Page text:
If you’ve ever gotten a mouthful of hairspray before (we were awkward children growing up), then you surely know the need to get a bad taste out of your mouth. Helping us get over our magnificient indifference regarding Husqvarna’s latest video is this short clip from our friends over in Spain, Radical Ducati. In case you haven’t heard of these guys, they take junked-out Ducatis (typically air-cooled), do a bit of a parts bin mash-up, and create eye-catching pieces of two-wheeled goodness for all of us to enjoy.
Their designs are cleverly creative and very pleasing on the retinal units, but yet also have a certain gritty quality that makes for a good juxtaposition to the prim and proper Ducati brand. As for the video, its does a pretty good job of showing the Radical Ducati RAD02 Pursang sitting there and looking pretty, though the go-fast addict in us really wants to see the Radical Ducati RAD 02 Corsa EVO make some laps around (insert famous Spanish circuit here). Ehh boys? Video and photos after the jump.
The wait is finally over on what Suzuki has been brewing for its middleweight adventure bike offering. Through some HTML trickery, we were able to glean this unreleased information off the Suzuki website, and as such are bringing you the first photos, technical specifications, and design features on the 2012 Suzuki V-Strom 650 ABS. An evolution of the current V-Strom 650, the new middleweight V-Strom is longer, taller, and lighter than its predecessor, while boasting an updated look to the aging V-Strom exterior.
If you were expecting more, and feel let down…welcome to the club. Though this represents a large portion of the information Suzuki plans on unveiling in the coming days, we still have some unanswered questions: like what’s been changed in the motor (we have yet to see any power figures quoted), though the general specifications on the 645cc v-twin lump appear to be the same. More as we get it. Find the massively underwhelming leaked photos, details, and specifications after the jump. Thanks for the tip Yellow Ranger!
Erik Buell Racing has a new website, and with it comes more information about the 2012 Erik Buell Racing 1190RS street bike. With only 100 bikes being made, the 175hp v-twin rocket ship weighs only 389 lbs wet (without fuel though), which for the spec-sheet racers should be plenty to drool over. That sort of exclusivity and performance will cost you dearly though, as the the EBR 1190RS is going to hit your wallet for $39,999 (roughly the price of a well-packaged mini-van), and if you want the extra-drool worthy carbon edition, that’ll be another $4,000 added to the price tag.
When the 100 Erik Buell Racing 1190RS street bikes are sold though, EBR will be able to go racing in the AMA Pro Racing circuit (EBR missed its goal to race at Infineon and now seems likely for Barber, or Mid-Ohio) with the 1190cc race bike. Erik Buell Racing is currently campaigning in the American Superbike series with Geoff May on an 1125RR, which is down on power compared to the other bikes according to the race team.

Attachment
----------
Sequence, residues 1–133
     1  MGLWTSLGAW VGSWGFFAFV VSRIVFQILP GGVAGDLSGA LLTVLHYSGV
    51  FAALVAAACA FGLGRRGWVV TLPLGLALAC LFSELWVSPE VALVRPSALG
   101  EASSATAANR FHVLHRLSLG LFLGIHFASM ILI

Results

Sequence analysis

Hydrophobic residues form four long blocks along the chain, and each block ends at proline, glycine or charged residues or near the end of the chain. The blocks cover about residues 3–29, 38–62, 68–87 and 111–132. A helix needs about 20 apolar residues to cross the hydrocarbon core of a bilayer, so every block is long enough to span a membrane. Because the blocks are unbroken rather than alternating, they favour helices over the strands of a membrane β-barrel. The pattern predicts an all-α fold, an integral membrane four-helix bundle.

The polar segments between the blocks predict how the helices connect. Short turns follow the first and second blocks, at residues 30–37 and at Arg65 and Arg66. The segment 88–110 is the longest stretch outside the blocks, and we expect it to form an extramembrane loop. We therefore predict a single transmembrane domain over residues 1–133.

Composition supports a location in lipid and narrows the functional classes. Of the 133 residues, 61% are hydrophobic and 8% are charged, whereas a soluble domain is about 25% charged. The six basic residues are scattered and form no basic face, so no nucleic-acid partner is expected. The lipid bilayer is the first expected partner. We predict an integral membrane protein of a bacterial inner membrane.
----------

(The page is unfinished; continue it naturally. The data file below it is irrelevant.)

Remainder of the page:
The $40,000 price tag is going to be quite the hurdle for Buell and his crew, though finding 100 enthusiasts shouldn’t be an impossible task. If $40,000 isn’t your cup of tea for a motorcycle, it would seem Buell and his crew have you covered there, as the company is teasing three new models: the RX, SX, and AX. Let the speculation begin on what those models could be, full tech-specs on the 2012 Erik Buell Racing 1190RS and photos are after the jump.
The wait is finally over, as Honda has completely taken the wraps off its 2012 Honda NSF250R Moto3 race bike. Launched at the Catalan GP today, the 250cc four-stroke machine will be one of several options aspiring MotoGP riders will pilot around in the Moto3 Championship. The new NSF250R incorporates a front-intake/rear-exhaust configuratiom, while the cylinder has been tilted back 15° to help concentrate the bike’s mass.
Titanium valves help power throughout the rev range, and the cylinder design reduces friction between piston and cylinder by offsetting the cylinder centerline and applying nickel silicon carbide (Ni-SiC) for the cylinder surface treatment. Matted to the motor is a six-speed gearbox, while the frame is based off the RS125R design, with modifications to suit the power delivered by the four-stroker. Total cost: €23,600, VAT included (Spain). Full technical specs are after the jump.
Finally we have all the factory MotoGP bikes officially unveiled in their race liveries (click for the Ducati, Honda, and Yamaha unveilings). Surprising everyone this year with a teal color scheme, Rizla Suzuki is still present in MotoGP, albeit only running one rider for the 2011 season. Taking to the helm of the 2011 Suzuki GSV-R is Alvaro Bautista, who has shown great promise on the otherwise lackluster race bike.
Despite its troubled past, Suzuki has been working hard on turning its toad into a prince, and could be the surprise entry in this year’s MotoGP Championship. We don’t expect the bike to win any races, but a couple surprise podiums do seem attainable for the squad. Photos and technical specifications after the jump.